AlphaRisk, Alipay’s 5th generation risk control engine increases the identification rate for cash-out fraud by 3x, with a combination of active learning and semi-supervised modeling
The development of mobile Internet and smartphones along with the rise of fintech has given way to one of the most transformative consumer-facing technologies today — mobile payments. Though adoption of mobile wallets has been slow moving in the United States, they are a way of life in China. A majority of transactions in Chinese cities are now cashless, with the volume between January-October 2017 reaching $12.8 trillion, more than 90 times the size of the mobile payments market in the U.S. Alipay, Ant Financial’s mobile wallet app, leads the Chinese market with a 54 percent market share of mobile payments.
The centrality of mobile payments in Chinese consumers’ lifestyles makes ensuring safety and reducing transaction risks a critical task. From the moment an Alipay user’s payment QR code is read by the scanner to the completion of payment less than a second later, Alipay’s risk control system performs numerous transaction scans verifying that the account has not been hijacked or misappropriated, and that the transaction is genuine in nature.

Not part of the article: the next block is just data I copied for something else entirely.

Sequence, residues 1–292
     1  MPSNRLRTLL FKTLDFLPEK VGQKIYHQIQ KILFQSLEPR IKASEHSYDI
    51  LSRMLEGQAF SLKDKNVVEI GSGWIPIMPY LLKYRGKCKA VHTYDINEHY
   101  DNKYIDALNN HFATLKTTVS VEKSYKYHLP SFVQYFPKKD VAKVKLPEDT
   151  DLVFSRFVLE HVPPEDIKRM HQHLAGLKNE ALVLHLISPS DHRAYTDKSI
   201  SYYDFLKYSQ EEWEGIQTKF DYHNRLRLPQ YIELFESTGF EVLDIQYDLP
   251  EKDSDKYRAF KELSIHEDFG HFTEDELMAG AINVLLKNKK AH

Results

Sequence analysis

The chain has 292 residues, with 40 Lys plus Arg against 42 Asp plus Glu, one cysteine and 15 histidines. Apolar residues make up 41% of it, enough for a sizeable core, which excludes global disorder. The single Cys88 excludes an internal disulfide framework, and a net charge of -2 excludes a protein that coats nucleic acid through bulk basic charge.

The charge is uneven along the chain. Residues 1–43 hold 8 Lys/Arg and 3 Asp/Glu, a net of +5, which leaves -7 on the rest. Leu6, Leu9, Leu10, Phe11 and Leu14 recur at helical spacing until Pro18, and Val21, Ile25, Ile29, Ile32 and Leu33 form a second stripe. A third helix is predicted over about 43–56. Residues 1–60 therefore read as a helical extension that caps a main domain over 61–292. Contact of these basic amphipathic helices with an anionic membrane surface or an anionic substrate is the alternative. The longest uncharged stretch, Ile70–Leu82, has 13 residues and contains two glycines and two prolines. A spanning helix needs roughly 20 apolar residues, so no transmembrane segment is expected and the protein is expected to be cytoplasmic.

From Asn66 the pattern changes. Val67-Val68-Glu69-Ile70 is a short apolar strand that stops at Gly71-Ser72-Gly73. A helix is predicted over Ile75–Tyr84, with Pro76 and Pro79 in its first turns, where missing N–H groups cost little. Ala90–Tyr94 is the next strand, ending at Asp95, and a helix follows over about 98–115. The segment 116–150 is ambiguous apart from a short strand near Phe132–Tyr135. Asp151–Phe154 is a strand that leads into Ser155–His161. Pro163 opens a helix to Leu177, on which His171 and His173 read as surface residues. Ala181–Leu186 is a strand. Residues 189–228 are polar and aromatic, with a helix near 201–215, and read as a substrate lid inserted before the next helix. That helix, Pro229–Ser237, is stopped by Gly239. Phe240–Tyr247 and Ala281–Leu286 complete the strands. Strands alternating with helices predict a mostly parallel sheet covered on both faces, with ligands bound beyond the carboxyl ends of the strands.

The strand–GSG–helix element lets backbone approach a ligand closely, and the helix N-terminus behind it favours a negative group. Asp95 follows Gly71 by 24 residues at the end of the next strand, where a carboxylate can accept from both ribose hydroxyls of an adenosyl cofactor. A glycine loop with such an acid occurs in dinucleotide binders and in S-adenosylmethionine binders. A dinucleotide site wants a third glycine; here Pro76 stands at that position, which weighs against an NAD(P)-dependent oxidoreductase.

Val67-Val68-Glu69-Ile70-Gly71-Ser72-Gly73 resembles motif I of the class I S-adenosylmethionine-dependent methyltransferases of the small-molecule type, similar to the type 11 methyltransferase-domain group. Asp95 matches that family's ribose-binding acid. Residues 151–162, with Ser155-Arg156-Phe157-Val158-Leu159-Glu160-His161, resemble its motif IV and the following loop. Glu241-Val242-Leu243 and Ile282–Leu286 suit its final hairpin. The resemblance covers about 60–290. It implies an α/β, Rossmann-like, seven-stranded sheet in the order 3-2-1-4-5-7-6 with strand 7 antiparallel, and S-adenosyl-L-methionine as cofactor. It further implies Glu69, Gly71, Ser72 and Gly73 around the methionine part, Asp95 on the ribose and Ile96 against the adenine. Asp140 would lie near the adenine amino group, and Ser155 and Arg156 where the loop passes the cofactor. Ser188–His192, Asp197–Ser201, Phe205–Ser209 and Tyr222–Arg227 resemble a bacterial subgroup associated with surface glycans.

Alipay uses a state-of-the-art risk control engine named AlphaRisk, at the core of which lies AI Detect. As an intelligent risk identification algorithm system, AI Detect incorporates not just traditional supervised learning algorithms like Gradient Boosting Decision Tree (GBDT), but also a variety of feature generation algorithms based on unsupervised deep learning.
Tackling Illegal Cash-outs with AI Detect
The array of risks that accompany online transactions pose numerous challenges to modeling. Common concerns like stolen phones and identity thefts are usually easier to model under the supervised learning framework, while the construction of risk identification models for illegal cash-outs is usually more difficult. Cash-out risks lack an active external feedback mechanism, i.e., no black and white tags on samples. When users report stolen accounts or fraud, they also identify and report the transactions that are a result of such activity, which are then escalated further using historical data tags. However, users don’t report to Alipay or the bank which transactions are carried out for the purpose of cash-outs, much less those who do so illegally.